Appropriate use of MA can supplement refrigerated storage for some products, which could translate into considerable reduction in post-harvest loss. Major benefits can be obtained from its use:

Some disadvantages of MA include:

Table 5.1. Optimum refrigeration temperature, relative humidity, and shelf life for horticultural products.

Optimum storage conditions





Shelf life storage


Humidity (%)


1 to 2

70 to 75

4-5 mo



70 to 75

6-8 mo




1-3 mo




4-5 mo




3-6 mo




2-3 mo




7-10 weeks




2-3 weeks




3-2 mo

Sweet corn



4-8 days




2 weeks

Green pepper



2 weeks

Chili pepper



2 weeks

Egg plant

10 to 12


3 weeks


10 to 13


10-14 days

(From: Flores Gutierrez, A.A, 2000)

5.2.4 Pickling

Vegetables can be macerated in a brine solution for pickling, which preserves the product for a long time. The high concentration of salts in the brine inhibits the growth of microorganisms that decompose and change the flavour, colour, and texture of vegetables. Vegetables can be maintained under maceration with a salt concentration of 6 to 10% during the first ten days of the pickling process. Then, the salt concentration is gradually increased to 16% for six weeks.

Under these conditions, vegetables can be kept in barrels for long periods until final processing. This involves washing the vegetables with water to release large amounts of salt (as much as possible), and packaging the product into glass jars with 5% vinegar and 3% salt. An alternative method is to precook vegetables at 80 to 90°C for 2 to 10 min. Then, packaging is performed using a blend of 3% salt, 6% vinegar, and 5% sucrose.

5.2.5 Fermentation

Vegetables can also be preserved by a fermentation process. During fermentation of raw vegetables, lactic acid bacteria develop, transforming the natural sugars present and the added sugar into acid. In general, a low salt concentration of 3-5% is used to prevent the growth of spoilage bacteria, while lactic acid bacteria are under development. The characteristic flavour and texture of fermented vegetables is produced by the action of lactic acid bacteria. Vegetables must be kept submersed in the liquid to prevent contact with air, which can cause decomposition, due to action of yeasts and moulds. During the fermentation process (2 to 3 weeks), the salt becomes diluted due to water drained from the vegetables, therefore salt must be frequently added to maintain the concentration at 3 to 5%. The pickled vegetables are washed with water and packaged into glass jars containing a solution of 3% salt and 5% vinegar. Vegetables can be pasteurized (or the liquid heated) and packages hot filled.

A typical formulation and application:

Lactic acid fermentation occurs when small amounts of salt are used. This allows bacteria to convert the sugar in vegetables to lactic acid; the acid mixed with salt inhibits the growth of other microorganisms that would cause major damage. This type of fermentation is used to prepare sauerkraut or sour cabbage, and in pickling cucumbers (pickles). Because salting is very softening, -both vegetables and salt are edible, thus preserving nearly all of the nutrients.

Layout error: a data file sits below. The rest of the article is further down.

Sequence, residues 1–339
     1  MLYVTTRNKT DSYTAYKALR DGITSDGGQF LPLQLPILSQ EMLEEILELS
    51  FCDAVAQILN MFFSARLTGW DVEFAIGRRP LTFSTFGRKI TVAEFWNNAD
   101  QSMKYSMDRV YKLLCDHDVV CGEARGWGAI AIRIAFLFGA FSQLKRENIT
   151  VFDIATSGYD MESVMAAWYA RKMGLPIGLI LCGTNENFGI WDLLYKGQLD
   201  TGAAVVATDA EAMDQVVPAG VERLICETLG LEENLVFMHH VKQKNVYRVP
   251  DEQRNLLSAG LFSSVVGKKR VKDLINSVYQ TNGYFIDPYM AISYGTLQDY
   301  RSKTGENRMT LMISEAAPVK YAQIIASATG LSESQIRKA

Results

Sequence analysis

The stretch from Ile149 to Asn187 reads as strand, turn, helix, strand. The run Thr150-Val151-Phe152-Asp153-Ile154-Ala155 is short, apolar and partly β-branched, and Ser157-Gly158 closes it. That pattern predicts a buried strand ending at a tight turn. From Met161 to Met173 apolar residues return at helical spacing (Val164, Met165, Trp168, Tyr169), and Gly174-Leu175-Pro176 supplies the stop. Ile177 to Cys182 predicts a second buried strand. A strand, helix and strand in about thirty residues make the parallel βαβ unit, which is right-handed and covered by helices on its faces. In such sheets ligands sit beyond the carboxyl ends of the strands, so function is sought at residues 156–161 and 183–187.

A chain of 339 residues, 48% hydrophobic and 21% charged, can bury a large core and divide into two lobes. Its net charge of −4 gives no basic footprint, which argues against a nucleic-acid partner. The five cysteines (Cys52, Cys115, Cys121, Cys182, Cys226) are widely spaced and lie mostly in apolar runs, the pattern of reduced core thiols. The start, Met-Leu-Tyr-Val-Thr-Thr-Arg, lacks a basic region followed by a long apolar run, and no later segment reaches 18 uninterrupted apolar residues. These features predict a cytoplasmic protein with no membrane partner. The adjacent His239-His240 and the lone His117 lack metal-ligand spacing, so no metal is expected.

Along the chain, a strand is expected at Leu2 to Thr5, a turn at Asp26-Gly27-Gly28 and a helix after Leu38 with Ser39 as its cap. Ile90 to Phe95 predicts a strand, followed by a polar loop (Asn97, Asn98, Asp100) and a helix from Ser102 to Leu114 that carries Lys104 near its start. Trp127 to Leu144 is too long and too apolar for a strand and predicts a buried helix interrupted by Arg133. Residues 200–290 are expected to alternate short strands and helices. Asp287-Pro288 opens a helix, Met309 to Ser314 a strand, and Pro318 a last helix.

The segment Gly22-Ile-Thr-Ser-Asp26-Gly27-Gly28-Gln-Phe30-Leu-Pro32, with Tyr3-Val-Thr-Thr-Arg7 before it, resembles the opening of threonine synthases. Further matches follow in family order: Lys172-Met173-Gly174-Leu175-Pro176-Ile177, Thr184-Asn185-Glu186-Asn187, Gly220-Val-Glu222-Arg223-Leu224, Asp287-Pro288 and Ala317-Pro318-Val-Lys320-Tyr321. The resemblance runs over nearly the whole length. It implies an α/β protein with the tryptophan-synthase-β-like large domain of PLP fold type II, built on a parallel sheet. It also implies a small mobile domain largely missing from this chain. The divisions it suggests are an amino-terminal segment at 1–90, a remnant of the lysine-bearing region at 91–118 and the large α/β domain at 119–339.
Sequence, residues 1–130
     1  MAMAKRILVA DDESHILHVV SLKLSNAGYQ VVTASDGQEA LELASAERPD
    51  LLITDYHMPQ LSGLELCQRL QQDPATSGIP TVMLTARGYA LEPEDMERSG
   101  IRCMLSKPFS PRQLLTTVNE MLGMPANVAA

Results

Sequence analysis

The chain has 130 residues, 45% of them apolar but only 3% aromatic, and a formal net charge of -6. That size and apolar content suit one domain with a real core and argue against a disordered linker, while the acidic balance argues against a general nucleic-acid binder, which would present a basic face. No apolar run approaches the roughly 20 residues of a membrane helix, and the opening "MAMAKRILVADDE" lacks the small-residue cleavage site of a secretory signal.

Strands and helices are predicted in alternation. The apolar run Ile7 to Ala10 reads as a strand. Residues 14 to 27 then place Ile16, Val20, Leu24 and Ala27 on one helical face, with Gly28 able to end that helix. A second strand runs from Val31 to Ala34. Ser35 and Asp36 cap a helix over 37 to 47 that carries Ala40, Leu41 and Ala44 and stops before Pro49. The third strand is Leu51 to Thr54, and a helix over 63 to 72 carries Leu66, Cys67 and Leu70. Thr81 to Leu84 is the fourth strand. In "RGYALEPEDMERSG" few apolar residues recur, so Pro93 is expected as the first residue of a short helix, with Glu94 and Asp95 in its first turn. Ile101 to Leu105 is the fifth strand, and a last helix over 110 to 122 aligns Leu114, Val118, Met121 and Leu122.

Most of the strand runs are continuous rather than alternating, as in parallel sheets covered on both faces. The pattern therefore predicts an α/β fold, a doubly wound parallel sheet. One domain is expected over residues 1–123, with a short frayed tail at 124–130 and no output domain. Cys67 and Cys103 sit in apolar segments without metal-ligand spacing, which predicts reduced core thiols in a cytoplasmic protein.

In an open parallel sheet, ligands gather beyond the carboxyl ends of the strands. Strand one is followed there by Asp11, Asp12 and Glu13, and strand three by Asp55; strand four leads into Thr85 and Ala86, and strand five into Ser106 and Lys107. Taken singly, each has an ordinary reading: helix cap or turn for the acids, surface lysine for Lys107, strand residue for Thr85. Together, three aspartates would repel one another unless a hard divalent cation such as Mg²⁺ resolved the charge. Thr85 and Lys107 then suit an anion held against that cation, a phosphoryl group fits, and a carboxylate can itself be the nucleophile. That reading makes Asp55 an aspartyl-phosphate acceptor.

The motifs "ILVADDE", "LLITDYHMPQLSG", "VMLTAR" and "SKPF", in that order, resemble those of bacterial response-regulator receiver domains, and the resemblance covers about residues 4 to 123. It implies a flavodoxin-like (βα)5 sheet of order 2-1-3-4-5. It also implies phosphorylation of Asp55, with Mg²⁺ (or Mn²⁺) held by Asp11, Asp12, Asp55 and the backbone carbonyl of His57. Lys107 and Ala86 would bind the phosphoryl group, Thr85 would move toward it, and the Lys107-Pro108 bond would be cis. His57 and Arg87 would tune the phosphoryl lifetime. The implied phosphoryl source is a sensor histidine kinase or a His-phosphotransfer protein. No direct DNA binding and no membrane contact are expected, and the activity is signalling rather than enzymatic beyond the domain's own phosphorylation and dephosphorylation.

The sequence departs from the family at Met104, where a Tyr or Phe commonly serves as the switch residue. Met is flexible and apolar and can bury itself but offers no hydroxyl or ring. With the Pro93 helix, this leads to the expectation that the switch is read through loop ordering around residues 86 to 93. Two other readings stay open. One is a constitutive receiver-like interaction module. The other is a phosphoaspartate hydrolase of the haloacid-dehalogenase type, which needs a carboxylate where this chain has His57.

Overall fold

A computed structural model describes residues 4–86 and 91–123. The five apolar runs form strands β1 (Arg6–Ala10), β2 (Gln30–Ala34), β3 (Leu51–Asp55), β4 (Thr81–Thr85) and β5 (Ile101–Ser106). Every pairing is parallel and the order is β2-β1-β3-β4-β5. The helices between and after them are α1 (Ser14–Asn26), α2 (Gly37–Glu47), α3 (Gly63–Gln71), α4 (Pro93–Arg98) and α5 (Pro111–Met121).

A typical application is in the preparation of sauerkraut:

1. Select good, mature cabbages; remove external leaves; wash remaining heads well.

2. With a sharp knife cut the heads into four sections, removing the hearts. Slice two and a half kilos of cabbage into fine strips approximately 2 to 3 cm long.

3. Put above cabbage in pot or plastic container and mix well, adding two tablespoons of salt. Let stand for 15 minutes or more, while preparing another batch of cabbage. The quantity of salt added must be in accordance with the amount of cabbage used for proper fermentation. While the cabbage is in repose, the salt works to reduce the lot size, extract the juice, and soften the cabbage. This will prevent breakage of strips during packaging.

4. The cabbage is packed into clean wide-mouth 4 L glass or plastic jars.

5. Eliminate air bubbles from the cabbage by pressing hard with hand. This allows juices to penetrate the tissues and holes formed between strips. Soft pressing is recommended to avoid breaking the finer strips.

6. Place plastic bag full of water on top of the cabbage to prevent air from penetrating the container and the cabbage. Close the jars tightly. After approximately 24 hours of fermentation, the juices should have completely covered the cabbage. Otherwise, add a brine solution composed of 25 g of salt per L of water until all cabbage strips are covered. The presence of bubbles is an indication that fermentation is in progress. This process lasts from 5 to 6 weeks or until the bubbles disappear from the solution, after which the fermented cabbage is heated in a pot until boiling.